A boy scout troop was at the Siler's Bald along with a man named Matthew and his parents. After I cooked dinner and cleaned up, I snuggled into my sleeping bag. I put my damp Smartwool shirt and a few socks at the bottom of my 30 degree bag. I laid there for what seemed a half hour to get warm. I never got warm. I was so cold, it was terrible. I threw out my damp items that I was hoping I could dry with my body heat. Then, I pulled in a dry fleece scarf into my bag hoping it would keep me warm. I wrapped it around my feet, and curled into a ball. I was still miserably chilled. I got out and crept near the fire, and spent an hour drying my damp clothes and my down bag. I talked with Matthew a bit who was an interesting person. His mother is trying to hike all the trails like me! They were from Cocke County. Finally, my down bag felt hot and cozy. I crawled back onto the lower bunk, and snuggled back into my bag. I started to heat up, and I could finally drift off into sleep. Never bring in damp clothing into a down bag no matter what!! Let it freeze or be damp! Shew!
We all woke up the next morning to a white beautiful world on the ridge. My pack froze up in the bear cables. Some of the boy scouts shoes were frozen stiff from the rain the night before. I made a water trip to the spring, and we got our stuff together to start our day. Clark and I were originally going to hike for 3 more days, but we decided that we didn't prepare good enough for the unexpectied cold. I needed my fleece liner for my 30 degree bag, and our stuff was mostly wet. Not a good combination for freezing weather when you expect to be out for a few more days. We headed back down the 14 miles with Jill and Jovial on Jonas Creek trail. After 4 or 5 miles, we said goodbye to the snowy world on the ridge. It was a different world down below. The sun even came out for a bit in between our stream crossings. Boy, I was glad we did not take that way up because there were many deep stream crossings on Jonas Creek. The trail was even a stream for a bit. The first 4 crossings, we scooted across fallen trees while straddling them above the creek waters. That was kind of fun and tricky. I think it was the 5th or 6th one where there were no rocks nor trees to save us. We either had to walk straight through with socks and shoes in all, or go barefoot in the icy waters, but we all opted to walk straight through boots and all. I tried going barefoot, but it was unbearable! We finally made it through the tunnel and back to the parking lot.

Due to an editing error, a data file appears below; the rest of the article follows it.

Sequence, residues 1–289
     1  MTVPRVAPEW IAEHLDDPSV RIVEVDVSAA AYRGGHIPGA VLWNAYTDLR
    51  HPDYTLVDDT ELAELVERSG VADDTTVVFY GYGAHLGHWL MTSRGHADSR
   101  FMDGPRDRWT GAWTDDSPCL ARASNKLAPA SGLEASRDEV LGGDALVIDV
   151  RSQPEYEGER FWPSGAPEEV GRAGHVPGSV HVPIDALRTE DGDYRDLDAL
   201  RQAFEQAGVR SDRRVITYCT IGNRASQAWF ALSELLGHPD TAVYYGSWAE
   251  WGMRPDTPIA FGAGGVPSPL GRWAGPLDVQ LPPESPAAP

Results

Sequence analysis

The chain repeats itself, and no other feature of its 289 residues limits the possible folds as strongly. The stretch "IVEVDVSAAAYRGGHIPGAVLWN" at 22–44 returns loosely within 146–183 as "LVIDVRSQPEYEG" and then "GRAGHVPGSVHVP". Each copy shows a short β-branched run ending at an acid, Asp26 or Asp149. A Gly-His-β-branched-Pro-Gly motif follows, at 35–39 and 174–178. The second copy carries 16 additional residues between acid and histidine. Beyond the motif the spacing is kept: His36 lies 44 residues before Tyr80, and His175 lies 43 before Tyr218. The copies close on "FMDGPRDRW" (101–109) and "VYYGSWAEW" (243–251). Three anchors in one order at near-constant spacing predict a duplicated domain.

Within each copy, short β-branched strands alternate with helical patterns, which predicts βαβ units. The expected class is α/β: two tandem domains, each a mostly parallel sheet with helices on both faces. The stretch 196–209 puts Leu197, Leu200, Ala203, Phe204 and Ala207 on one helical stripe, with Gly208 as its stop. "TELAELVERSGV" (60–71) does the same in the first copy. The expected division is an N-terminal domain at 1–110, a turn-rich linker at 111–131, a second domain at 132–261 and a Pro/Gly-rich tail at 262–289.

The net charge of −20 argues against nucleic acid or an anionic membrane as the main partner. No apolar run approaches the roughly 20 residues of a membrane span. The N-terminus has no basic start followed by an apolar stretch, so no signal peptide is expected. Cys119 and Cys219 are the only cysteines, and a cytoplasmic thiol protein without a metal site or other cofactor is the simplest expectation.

Group at Silers Bald
Happy girls at abandoned tunnel
Clark and I took Monday off after hiking up to Siler's Bald. We decided to do a dayhike on Tuesday instead of a one-nighter at Double Spring Gap shelter. I was wanting to be up there, but we still had a good time.
We parked off of Laurel Creek road (the road to Cades Cove) at Finley Cane and Lead Cove trailheads. We took Finley Cane, and made a left to the tunnel underneath the road. Then we backtracked and took the right to finish the rest of Finley Cane trail. It led us around the backside of the knob where we hiked in and out of the folds of the small ridge. The sun was shining, and the air smelled of leaves and I could smell that incredible caramel-and-rootbeer-with-a-hint-of-mint-and-vanilla smell. I think it haunts me or something.
Clark and I hiked up to Bote Mountain trail, where we made a left to hike a short .6 to West Prong trail intersection. Then, we backtracked and hiked right up Bote Mountain trail, which looked like an old road. We ascended with beautiful views on both our left and right. It was a wonderful trail, and we thought it would make a nice short trip up to Spence Field someday. We made it to Lead Cove trail intersection, and we took the steep Lead Cove trail back to our car.
date: 11/28/02, Thanksgiving
I left my house at about 9, and got to the Abrams Falls Ranger station off Happy Valley Rd by 10. Since my family celebrated Thanksgiving last week, I had time to walk and think. The drive out there was nice. Everyone's driveways were full of cars with family visiting. I felt like an outsider looking in, which is a feeling I treasure.
On Cooper Road trail, I ran into a guy that was scoping out good fishing holes for the Spring. After a few minutes, I passed three hikers, and then I didn't see a soul for the rest of the hike until I got back to my truck. Cooper Road was pine laden, and it smelled wonderful. When I got to Goldmine Road trail, it was .8 to the park boundary where I was in someone's backyard. I could see their chimney smoking, and kids playing before their Thanksgiving dinner. I took a snapshot of their barn, and half-jogged back to the trail junction.
I passed Cane Gap, and continued on Cane Creek trail to the next park boundary. I had to cross several streams along the way as well as CS 2, which was a lovely campsite. Way better than CS 1, I thought! When I made it to the end of the Cane Creek trail, I tippy-toed because I felt it kind of dangerous. I stopped at an old 1930s truck. I heard a gunshot, and swiveled around to march back to the park. Shew!!
Old Logging Truck at NPS Boundary
I left my house at about 7, and got to the Cosby picnic area a little after 8. I apologized to Ductape for being late. We started up Low Gap trail to Low Gap. Snow was everywhere, and the trees were encased in white. It was just lovely!! At Low Gap, we ran into some hikers that were from Cincinnatti and Mississippi. All of them had nice hiking sticks.